It is more than a generation since the major program and financing reforms of 1983, and many of those who were age 45 then are now retired or planning to retire. Americans are now living longer in retirement. A generally declining birthrate and changing work patterns have changed the actual and projected ratios of numbers working and paying into the program’s trust fund to those retired and collecting benefits. Within a generation, as the baby boomers retire, the number of people over the age of 65 will rise from about 13 percent of the population (in 2007) to about 20 percent (in 2040) (Census Bureau, 2009). On average, people will spend many more years in retirement—and drawing Social Security benefits—than previous generations.14 Consequently, the ratio of workers covered by Social Security to program beneficiaries is projected to decrease from its current level of 3.2 to 2.1 in 2035. Thereafter, this ratio is projected to continue to decline, but much more slowly, reaching 1.9 in 2085 (Social Security Administration, 2009d).
Social Security benefits now total 4.8 percent of GDP and they are projected to reach 6.2 percent by 2035. Over the same period, under current law (i.e., without any changes), Social Security revenues will decline from their present level of 5.8 percent to about 4.8 percent of GDP, resulting in a gap of 1.4 percent of GDP. On the basis of such straightforward projections by the Social Security actuaries and others, it is widely agreed that financial reforms are required soon to ensure that the program’s implicit promise is kept for the current generation of workers, as well as with future generations.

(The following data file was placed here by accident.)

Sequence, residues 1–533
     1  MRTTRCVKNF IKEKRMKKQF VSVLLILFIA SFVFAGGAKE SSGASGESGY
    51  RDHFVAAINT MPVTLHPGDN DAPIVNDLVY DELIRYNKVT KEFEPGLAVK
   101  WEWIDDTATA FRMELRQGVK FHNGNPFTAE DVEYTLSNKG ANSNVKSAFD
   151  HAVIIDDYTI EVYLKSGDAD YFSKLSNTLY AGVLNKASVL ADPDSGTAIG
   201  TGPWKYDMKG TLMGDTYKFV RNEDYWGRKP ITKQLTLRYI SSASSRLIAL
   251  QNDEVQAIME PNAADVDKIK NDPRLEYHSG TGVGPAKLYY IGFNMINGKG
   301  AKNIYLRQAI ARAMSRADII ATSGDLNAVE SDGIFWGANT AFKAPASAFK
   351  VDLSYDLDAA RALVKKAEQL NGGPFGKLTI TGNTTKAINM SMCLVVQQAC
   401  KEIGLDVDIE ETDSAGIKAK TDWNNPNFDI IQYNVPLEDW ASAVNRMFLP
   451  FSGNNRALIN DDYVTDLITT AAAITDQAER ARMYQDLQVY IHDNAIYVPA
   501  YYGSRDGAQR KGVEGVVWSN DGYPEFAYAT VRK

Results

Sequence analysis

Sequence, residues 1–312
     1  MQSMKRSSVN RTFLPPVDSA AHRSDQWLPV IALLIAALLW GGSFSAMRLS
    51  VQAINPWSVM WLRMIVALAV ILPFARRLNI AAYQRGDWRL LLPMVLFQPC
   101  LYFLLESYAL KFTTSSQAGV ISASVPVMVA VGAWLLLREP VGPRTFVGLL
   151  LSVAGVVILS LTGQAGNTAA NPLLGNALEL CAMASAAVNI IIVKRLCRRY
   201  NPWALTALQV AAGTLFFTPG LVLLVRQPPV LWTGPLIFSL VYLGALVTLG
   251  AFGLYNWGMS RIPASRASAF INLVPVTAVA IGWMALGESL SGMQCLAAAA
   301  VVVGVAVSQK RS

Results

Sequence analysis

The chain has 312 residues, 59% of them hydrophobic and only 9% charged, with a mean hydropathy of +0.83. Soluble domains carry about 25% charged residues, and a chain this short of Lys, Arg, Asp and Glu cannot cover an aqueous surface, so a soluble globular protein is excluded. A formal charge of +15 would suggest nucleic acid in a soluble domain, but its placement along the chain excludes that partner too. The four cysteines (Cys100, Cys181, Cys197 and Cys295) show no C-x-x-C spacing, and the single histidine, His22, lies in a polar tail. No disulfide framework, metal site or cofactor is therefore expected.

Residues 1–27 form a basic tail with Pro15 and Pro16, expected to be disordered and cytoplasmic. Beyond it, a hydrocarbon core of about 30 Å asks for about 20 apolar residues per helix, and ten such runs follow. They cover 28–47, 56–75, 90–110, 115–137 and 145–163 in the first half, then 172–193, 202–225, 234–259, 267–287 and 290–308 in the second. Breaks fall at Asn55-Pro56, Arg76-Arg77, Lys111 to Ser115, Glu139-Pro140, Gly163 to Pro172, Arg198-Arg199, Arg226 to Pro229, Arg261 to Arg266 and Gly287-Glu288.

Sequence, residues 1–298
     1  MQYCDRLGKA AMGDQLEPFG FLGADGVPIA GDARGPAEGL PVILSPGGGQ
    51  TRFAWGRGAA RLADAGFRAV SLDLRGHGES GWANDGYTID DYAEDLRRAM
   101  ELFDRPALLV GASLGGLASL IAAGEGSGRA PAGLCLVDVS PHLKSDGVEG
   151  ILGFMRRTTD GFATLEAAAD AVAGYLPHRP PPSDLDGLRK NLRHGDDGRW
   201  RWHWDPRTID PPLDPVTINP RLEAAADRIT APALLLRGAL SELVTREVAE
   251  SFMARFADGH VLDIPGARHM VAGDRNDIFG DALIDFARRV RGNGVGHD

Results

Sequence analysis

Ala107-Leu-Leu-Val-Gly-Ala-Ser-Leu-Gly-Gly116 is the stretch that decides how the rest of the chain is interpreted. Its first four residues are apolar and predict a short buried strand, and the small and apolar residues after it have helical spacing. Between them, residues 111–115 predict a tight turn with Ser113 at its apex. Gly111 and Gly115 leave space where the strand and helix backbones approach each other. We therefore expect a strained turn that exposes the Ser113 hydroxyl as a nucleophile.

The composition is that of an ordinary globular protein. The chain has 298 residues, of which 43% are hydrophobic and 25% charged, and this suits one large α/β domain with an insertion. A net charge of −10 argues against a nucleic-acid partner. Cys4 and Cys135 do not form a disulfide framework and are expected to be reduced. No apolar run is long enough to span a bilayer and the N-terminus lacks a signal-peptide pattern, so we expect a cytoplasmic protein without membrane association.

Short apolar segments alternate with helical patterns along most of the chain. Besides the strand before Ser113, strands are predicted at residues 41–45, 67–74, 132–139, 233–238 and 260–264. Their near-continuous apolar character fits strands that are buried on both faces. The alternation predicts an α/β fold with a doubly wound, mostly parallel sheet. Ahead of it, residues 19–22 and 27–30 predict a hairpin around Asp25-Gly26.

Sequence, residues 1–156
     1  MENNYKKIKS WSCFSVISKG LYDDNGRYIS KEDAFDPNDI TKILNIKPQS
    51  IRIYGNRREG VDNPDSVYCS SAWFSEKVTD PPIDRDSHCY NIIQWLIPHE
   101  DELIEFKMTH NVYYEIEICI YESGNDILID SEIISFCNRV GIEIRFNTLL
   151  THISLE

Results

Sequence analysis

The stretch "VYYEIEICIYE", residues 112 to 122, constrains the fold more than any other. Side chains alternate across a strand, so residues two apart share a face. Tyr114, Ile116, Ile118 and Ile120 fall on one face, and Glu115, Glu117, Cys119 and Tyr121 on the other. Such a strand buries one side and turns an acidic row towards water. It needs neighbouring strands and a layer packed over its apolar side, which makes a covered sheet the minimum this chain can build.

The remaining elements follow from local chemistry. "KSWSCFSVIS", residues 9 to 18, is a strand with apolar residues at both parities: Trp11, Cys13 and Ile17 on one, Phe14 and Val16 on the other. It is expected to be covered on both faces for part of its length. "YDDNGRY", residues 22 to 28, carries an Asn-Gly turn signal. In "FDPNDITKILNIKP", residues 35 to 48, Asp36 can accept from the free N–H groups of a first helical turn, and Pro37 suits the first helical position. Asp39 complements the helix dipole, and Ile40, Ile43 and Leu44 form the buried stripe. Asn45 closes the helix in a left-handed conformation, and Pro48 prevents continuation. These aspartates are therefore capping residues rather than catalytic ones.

What will soon become a growing discrepancy between Social Security’s benefits and revenues will exhaust the trust fund and so threaten the program’s solvency as well as the payment of currently scheduled benefits; see Figures 6-3 and 6-4.15 Box 6-1 sketches how the projected depletion of the Social Security trust fund relates to other indicators of the program’s long-term financial prospects (see Social Security Administration 2009d; see also Appendix C). The program’s financial outlook presents a looming problem not just for Social Security, however; given the program’s size and pending cash flow deficits that must be somehow financed by the U.S. Treasury, it is a problem for the U.S. budget as a whole.
The fiscal future of the Social Security program could be assured in various ways, but virtually all experts agree that reform likely will require